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Christian Mitchell
Christian Mitchell

Humor Books For 6th Graders NEW!

What sets this list of humorous tween books apart from other funny book lists is that I haven't populated it solely with book that rely on fart jokes and gross slapstick (not that there is anything wrong with that, I love a good fart joke, myself.). The books on this list range from the chuckle-worthy to the laugh-out-loud-snort-milk-out-your-nose. I've included dark humor, quirky reads, realistic laughs and slapstick. These funny middle grade books are suitable for children ages 8 to 13, so think 4th grade to 8th grade.

humor books for 6th graders

For those of you who regularly follow my book lists (P.S. I love you), you will be delighted to realize that these middle grade books are all fresh titles! So even if you've waded through my list of the 100 funniest funny chapter books, your children have even more funny books to read!

Frazzled: Everyday Disasters and Impending Doom by Booki Vivat. Abbie Wu is starting middle school and she is looking for something to be "her thing." Abbie is also a little bit high strung and so when she and her friends decide to institute a lunch time revolution, the results are hilarious. Young readers who like their books to have a heavy dose of doodling will love this book - very refreshing and honest about the struggles of early teens trying to find their place, as well as all the embarrassing moments that take place on the journey.

The Rhino in Right Field by Stacy DeKeyser. I loved reading this and it's an excellent funny book for 8-12 year olds, especially those who love baseball. Set in the late 1940s, the story follows Nick Spirakis, who is the son of Greek immigrants, who plays ball with his friends in the field by the zoo. The field contains perils, such as Tank the Rhino, who lives just beyond the outfield (where balls occasionally land!). When the local baseball team comes under the control of a new owner, Nick and his friends vie for a spot as the batboy. Amidst the humor and action, the story also addresses life as an immigrant, dealing with bullies and the status of girls who play baseball. Overall, an excellent and at times hilarious middle grade book, and I think it would make a good funny read aloud book, too.

Wed Wabbit by Lissa Evans. When I first started to read this book I thought I had been misled about the humor, but as the book went on the laughs started to ratchet up. Fidge is excited about taking a vacation with her mom and 4 year old sister, Minnie. But when Minnie gets into an accident, Fidge has to stay with her overly anxious cousin Graham. Soon Fidge finds herself and Graham thrown in the middle of a bizarre world populated with the whimsical Wimbley Woos and ruled by a usuper king, who just so happens to be Minnie's stuffed toy, Wed Wabbit. Hijinks ensue. But in the midst of this uproarious and hilarious middle grade novel is a touching story about two kids finding their way back home and growing up.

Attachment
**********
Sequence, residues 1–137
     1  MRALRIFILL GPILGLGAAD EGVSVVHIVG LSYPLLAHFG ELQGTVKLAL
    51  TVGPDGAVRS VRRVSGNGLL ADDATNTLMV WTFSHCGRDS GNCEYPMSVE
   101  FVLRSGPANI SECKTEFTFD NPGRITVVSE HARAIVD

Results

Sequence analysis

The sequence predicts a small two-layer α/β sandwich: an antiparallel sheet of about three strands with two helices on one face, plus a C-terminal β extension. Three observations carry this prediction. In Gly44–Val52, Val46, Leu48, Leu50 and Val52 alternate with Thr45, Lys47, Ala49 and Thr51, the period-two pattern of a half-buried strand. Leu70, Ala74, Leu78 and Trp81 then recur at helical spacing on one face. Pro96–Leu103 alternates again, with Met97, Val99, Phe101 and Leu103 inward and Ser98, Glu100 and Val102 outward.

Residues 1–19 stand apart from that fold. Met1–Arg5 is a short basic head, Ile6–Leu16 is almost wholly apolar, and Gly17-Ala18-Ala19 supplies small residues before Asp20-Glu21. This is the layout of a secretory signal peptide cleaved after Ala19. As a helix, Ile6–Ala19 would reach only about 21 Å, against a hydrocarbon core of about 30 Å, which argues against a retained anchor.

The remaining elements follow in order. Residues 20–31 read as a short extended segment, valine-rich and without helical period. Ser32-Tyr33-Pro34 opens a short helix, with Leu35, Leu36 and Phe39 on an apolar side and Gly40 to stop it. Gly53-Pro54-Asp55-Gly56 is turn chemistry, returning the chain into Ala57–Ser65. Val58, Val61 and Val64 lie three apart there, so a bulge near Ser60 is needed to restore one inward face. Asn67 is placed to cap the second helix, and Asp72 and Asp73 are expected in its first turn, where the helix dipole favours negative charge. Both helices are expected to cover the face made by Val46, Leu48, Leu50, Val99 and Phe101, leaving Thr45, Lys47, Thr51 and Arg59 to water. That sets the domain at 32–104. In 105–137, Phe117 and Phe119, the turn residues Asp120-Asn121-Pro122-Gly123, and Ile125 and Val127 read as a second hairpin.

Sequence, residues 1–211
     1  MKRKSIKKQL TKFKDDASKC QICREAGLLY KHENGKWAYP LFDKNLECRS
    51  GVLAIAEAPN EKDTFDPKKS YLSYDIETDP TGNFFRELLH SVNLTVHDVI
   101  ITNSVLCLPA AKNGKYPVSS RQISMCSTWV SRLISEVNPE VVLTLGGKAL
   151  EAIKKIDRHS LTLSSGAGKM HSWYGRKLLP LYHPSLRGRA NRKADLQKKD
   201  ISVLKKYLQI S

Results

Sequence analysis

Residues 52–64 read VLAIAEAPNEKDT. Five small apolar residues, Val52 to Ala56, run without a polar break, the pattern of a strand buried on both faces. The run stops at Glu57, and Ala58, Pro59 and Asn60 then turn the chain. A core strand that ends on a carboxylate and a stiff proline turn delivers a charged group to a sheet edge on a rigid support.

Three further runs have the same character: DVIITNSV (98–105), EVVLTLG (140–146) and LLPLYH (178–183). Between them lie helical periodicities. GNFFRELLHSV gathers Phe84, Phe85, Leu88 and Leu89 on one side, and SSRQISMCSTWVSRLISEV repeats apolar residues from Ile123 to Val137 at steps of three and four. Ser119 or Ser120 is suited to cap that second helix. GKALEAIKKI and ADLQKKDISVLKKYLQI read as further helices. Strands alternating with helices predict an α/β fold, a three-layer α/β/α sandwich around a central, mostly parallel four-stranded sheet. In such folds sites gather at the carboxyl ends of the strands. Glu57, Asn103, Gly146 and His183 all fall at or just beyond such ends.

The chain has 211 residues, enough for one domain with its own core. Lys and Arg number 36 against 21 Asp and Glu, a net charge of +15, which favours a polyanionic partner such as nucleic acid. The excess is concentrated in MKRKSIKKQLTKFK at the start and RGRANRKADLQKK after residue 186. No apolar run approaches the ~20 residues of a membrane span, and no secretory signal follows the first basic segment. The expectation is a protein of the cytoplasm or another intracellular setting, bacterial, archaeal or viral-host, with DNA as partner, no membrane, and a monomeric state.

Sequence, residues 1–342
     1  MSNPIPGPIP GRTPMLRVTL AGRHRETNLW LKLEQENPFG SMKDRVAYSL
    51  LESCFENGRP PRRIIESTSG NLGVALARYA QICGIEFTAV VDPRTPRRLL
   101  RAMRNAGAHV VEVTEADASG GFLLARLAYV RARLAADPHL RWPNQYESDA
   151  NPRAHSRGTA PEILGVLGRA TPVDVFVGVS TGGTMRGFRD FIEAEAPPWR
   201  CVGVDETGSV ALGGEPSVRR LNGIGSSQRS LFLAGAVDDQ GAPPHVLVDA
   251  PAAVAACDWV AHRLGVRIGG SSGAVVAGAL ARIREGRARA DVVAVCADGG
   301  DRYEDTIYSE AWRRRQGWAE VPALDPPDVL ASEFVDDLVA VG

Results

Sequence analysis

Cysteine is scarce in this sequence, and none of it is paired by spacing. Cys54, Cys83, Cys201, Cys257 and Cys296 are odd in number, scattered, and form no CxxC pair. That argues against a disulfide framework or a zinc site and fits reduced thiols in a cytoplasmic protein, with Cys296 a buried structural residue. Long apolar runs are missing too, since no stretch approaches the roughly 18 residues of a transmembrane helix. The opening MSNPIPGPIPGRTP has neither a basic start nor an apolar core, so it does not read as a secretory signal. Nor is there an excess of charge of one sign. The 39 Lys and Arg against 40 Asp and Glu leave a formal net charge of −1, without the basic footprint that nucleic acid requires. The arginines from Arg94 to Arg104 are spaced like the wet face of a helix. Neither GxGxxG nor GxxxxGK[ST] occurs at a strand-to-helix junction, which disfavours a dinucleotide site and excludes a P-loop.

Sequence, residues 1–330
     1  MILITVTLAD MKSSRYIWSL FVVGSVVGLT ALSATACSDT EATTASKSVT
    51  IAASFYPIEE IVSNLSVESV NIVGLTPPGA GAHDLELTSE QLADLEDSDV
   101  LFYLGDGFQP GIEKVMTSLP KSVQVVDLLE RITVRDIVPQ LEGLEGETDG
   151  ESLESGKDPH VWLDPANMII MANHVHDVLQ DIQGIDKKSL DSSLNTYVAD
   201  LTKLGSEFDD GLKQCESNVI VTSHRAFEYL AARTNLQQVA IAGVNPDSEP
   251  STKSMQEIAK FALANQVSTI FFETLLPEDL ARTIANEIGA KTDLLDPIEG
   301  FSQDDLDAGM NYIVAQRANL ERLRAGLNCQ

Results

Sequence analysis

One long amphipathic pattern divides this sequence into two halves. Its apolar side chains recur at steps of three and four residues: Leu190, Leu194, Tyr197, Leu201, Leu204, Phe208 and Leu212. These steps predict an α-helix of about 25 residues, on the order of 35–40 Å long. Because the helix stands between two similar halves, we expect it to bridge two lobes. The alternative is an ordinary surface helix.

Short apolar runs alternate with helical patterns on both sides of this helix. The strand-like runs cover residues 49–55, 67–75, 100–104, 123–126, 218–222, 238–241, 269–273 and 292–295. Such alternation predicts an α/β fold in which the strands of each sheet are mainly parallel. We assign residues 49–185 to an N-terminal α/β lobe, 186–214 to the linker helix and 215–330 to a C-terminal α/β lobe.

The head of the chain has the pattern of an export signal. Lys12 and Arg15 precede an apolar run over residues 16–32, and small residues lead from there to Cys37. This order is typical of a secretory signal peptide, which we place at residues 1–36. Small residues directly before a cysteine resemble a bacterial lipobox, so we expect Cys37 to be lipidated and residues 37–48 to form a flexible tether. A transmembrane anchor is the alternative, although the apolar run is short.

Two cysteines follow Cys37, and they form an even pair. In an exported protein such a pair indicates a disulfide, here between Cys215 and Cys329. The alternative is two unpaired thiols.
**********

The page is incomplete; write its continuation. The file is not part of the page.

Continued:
Guys Read: Funny Business ed. by Jon Scieszka. Funny middle grade books need not be restricted to novels! I really enjoyed reading this collection of short stories aloud. Although Scieszka's series is called "Guys Read," there is no reason why girls won't also enjoy these stories by well-known authors. The funny short stories range from hilariously outrageous to silent-chuckle worthy. What I love best about this collection is that readers get an introduction to the authors (such as Kate DiCamillo, Mac Barnett and Christopher Paul Curtis) so searching out longer works by those authors is a real treat. A few of the stories are about well-known characters, like Artemis Foul and Joey Pigza!

The Willoughbys by Lois Lowry. Do your kid like literacy references and tongue-in-cheek, melodramatic humor? Fans of Lemony Snicket will enjoy this tale of four children, Tim, Barnaby A, Barnaby B, and Jane who fancy themselves to be "old-fashioned" in the vein of book heroes and heroines. When their unpleasant parents go off on a world trip, the siblings are left with a not-so-odious-after-all nanny and end up being semi-adopted by their lonely neighbor who has taken in a baby found on his doorstep. I enjoyed this novel, but the rather wicked and irreverent and quirky humor is not for every child. I did like the Lowry included a glossary and a bibliography, written in the same gothic style as the rest of the novel.

As I have shared previously, my children both love a good dose of humor in their books. This started with picture books and has continued as they moved into chapter books and novels, which has accumulated in this list of over 40 funny chapter books for kids.

When I was a seventh grade Language Arts teacher, I found that my reluctant readers really gravitated towards books with humor. Funny books can improve moods, contain important themes, and lead to a lifetime love of reading.